ELMIRA, NY – As Governor Cuomo continues to get strong approval ratings for his handling of the coronavirus pandemic, we’re checking in with a former Governor who had to deal with a crisis of his own.
Republican George Pataki lead New York during the aftermath of the September 11th terrorist attacks.
Zach Wheeler of our sister station WETM in Elmira spoke with Pataki about the ongoing crisis and how it’s being handled.
George Pataki, New York’s 53rd governor and former GOP candidate for President, speaking exclusively with 18 News via Skype.
The Republican, who defeated Governor Mario Cuomo in 1994, the father of New York Governor Andrew Cuomo, sharing his thoughts on how Cuomo is handling the pandemic.
“I think the governor has done a very good job in the communications. The briefing have been enlightening and helpful to people who want to be informed and know what’s going on. One think I learned on September 11th, I write about in the book, is how important it is for government to cooperate on all levels of government. You can’t have the city and the state of New York not communicating, and not cooperating. You can’t have the state of New York and the federal government not cooperating,” says Pataki.
Reflecting on his experience of leading New York State during 9/11, Pataki shares how Washington needs to come together, on a united front, for the good of the American people.
“I would hope that at a time of crisis like this, people would put aside their political benefit. And simply function on what is right for the American people. But sadly in Washington, the ideological partisan divide is so great, even in the midst of this crisis as government is still trying to take the next critical steps to save lives, and they get us back on our feet. There is too much poltical posturing.”
The former governor says now is not the time to play the blame game.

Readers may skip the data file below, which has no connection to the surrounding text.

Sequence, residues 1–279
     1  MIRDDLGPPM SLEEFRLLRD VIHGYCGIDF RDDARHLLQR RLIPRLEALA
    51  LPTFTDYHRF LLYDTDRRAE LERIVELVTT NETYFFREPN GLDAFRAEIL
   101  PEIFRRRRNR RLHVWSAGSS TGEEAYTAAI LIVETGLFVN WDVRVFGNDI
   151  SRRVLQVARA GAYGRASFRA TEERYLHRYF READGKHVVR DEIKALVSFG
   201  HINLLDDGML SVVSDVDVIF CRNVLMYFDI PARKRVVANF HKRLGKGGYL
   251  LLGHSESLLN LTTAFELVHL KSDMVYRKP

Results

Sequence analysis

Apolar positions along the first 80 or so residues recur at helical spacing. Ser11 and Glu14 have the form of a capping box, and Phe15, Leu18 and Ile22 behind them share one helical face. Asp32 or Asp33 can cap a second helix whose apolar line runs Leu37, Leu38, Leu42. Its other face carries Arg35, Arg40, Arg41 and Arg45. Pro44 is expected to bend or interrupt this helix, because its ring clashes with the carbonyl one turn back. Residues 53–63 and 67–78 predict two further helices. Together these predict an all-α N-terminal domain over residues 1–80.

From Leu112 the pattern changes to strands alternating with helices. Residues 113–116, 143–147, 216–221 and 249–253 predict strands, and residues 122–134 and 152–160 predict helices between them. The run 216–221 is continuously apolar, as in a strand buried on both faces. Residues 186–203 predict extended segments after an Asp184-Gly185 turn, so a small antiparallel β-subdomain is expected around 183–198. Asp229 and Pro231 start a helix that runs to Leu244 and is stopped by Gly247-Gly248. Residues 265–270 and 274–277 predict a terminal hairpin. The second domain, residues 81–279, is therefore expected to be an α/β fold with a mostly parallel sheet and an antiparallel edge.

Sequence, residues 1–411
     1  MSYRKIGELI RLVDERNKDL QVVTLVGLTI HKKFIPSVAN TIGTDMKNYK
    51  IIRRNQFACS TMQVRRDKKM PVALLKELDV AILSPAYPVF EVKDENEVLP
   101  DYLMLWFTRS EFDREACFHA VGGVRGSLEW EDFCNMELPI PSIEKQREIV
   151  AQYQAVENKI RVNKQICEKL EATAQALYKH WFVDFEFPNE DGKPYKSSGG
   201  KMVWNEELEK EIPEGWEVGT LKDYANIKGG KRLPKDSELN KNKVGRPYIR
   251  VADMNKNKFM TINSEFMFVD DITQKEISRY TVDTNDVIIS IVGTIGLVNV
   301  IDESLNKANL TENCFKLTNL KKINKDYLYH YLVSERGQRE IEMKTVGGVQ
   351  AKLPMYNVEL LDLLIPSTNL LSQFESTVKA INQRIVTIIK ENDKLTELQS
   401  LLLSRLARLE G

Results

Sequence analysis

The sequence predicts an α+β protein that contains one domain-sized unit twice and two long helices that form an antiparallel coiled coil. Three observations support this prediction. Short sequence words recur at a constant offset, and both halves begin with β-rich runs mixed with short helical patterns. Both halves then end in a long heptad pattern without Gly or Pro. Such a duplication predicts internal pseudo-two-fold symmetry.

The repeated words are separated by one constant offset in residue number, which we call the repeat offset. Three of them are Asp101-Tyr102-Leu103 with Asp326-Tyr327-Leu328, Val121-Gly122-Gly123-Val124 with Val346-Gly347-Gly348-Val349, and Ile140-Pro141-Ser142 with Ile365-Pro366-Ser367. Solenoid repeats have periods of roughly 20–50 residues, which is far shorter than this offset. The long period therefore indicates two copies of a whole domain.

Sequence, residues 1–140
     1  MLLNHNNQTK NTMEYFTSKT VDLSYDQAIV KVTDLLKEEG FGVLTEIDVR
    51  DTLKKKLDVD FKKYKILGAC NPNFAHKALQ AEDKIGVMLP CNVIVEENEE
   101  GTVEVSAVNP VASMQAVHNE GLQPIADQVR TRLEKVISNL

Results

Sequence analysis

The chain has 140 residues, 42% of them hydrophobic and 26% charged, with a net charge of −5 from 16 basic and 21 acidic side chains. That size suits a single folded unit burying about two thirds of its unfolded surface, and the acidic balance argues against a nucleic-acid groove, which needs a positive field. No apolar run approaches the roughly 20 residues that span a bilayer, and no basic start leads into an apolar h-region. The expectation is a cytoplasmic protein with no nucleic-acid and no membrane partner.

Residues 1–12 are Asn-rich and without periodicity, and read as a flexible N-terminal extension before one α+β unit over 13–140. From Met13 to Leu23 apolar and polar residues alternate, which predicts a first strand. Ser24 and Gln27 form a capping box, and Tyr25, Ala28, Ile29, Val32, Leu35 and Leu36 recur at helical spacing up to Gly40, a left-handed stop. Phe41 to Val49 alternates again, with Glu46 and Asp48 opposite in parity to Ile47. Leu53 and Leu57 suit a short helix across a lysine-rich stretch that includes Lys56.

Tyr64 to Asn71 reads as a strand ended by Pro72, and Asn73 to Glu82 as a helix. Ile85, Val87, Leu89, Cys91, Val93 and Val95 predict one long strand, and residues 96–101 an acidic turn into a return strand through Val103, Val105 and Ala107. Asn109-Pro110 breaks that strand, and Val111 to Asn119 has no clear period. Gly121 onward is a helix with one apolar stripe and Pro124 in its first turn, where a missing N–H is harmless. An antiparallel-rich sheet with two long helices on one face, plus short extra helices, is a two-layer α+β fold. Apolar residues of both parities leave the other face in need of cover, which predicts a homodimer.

“One of the things that troubles me Zach, when you look at the briefings, and the press questions. It’s all trying to blame somebody for something. One or the other. And the fact is where we are right now, the critical thing in a crisis, is to forget about who is going to ultimately get the blame for what should have been done or might have been done. It’s dealing with the crisis right now.”
Sharing some thoughts on how to do that;
“Making sure there in communication, making sure that our front line hospitals and health workers have all the equipment they have. Making sure we are getting as many tests out as possible in the Southern Tier and across the state so people can have some idea as to how wide spread this actually is. Lets focus on, dealing with the crisis getting this behind us and rebuilding our economy, and come November during the elections we can figure out who should have done what when.”
The former governor, who made many trips to our area during his term, shares a personal message.
“What’s gets us through a crisis like this are the ordinary people. The people like you have in Chemung County, the people we have in the Southern Tier and the state. Just follow the guidelines. Obey the rules, think not just of yourself but of what your actions are doing that could effect others. And give thanks to those who are going about their jobs whether it’s in a grocery store, in a truck or in a health care facility. They are the heroes that come from every walk of live that make the Southern Tier and make the Untied States such a great county.”
The Governor has a new book coming out today titled “Beyond the Great Divide: How a Nation Became a Neighborhood.”